The Justice Alliance of South Africa (JASA) has filed papers in the Western Cape High Court in a bid to stop Top TV from starting broadcasts of three pornographic channels on 1 December 2013.
JASA says it believed the Independent Broadcasting Authority (ICASA) had erred in law in failing to find out that the constitutional rights of children should have trumped Top TV’s rights to freedom of expression.
The Alliance also contended that fixing a watershed time of 20h00 ‘flew in the face of common sense’, bearing in mind that most children finished their homework at about 8pm and then watched television for an hour or two until bedtime.
To read the article titled, “NGO in court bid to stop porn channels,” click here.Source:The Citizen
- According to the Culture Foot Solidaire (CFS) says that hundreds of African teenagers are still being led abroad by false agents promising soccer riches only to be abandoned on the streets of European countries.
Jean-Claude Mbvoumin, a former Cameroon international who heads the Culture Foot Solidaire group (CFS), says that it is estimated that up to 15 000 young African players were taken abroad every year under false pretences.
Mbvoumin says that the agents, often using fake business cards allegedly issued by European clubs, approached the players’ families, promising a lucrative contract abroad in exchange for a fee ranging between 3 000 and US$13 400.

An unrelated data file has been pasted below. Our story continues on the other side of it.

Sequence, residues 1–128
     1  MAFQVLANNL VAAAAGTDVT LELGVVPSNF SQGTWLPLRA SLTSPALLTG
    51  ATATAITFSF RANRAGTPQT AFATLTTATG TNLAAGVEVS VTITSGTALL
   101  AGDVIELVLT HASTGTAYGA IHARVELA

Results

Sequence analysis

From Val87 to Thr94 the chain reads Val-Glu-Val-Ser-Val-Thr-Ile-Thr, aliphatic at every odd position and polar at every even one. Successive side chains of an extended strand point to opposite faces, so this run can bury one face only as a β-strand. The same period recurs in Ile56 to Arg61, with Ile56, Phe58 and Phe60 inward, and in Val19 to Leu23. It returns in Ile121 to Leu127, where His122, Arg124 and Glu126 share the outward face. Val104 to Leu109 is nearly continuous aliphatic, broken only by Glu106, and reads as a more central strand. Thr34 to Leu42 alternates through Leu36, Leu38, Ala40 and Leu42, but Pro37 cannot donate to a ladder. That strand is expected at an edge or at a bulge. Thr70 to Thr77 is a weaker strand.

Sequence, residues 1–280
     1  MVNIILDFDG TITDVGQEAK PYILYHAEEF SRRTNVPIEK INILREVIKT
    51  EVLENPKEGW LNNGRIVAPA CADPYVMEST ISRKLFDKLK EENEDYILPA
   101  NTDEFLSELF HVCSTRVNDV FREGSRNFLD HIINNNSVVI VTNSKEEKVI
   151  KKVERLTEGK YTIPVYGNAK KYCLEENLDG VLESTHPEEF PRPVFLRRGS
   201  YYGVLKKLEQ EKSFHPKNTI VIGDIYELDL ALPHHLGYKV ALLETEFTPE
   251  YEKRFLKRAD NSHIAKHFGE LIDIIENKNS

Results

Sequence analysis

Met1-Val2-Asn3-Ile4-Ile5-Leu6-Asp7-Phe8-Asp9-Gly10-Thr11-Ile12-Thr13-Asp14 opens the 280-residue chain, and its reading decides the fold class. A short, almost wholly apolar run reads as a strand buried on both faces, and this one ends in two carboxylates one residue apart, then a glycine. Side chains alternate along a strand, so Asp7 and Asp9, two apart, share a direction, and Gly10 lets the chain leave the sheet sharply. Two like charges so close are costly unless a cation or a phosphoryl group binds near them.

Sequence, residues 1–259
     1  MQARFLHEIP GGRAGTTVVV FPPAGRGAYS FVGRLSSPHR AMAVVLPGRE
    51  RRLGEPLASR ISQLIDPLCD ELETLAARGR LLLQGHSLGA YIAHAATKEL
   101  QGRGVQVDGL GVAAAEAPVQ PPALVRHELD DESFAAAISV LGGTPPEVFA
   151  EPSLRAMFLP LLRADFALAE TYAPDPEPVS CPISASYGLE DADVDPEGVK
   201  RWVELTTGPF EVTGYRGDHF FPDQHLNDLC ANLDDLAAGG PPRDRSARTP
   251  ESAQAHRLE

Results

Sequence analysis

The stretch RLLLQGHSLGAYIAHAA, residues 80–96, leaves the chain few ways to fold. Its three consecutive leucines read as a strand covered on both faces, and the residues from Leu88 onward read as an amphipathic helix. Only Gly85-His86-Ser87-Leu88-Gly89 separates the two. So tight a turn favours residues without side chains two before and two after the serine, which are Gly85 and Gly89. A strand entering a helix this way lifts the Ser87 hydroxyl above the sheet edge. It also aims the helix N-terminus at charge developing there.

To read the article titled, “Trafficking of young African players still rampant,” click here.Source:Sports Live
The National Anti-Corruption Forum has urged the South African Social Security Agency (SASSA) to be vigilant as the 2014 elections draw closer.
The forum says some politicians are beginning to interfere with the agency's work in a desperate attempt to push their parties' agendas.
The latest SASSA annual report has revealed that over 7 700 fraud and corruption cases were registered with the agency in the past year.
To read the article titled, “SASSA warned to be vigilant ahead of 2014 elections,” click here.Source:SABC News
The Centre for Development and Enterprise (CDE) says that the government's three major economic policies are incoherent.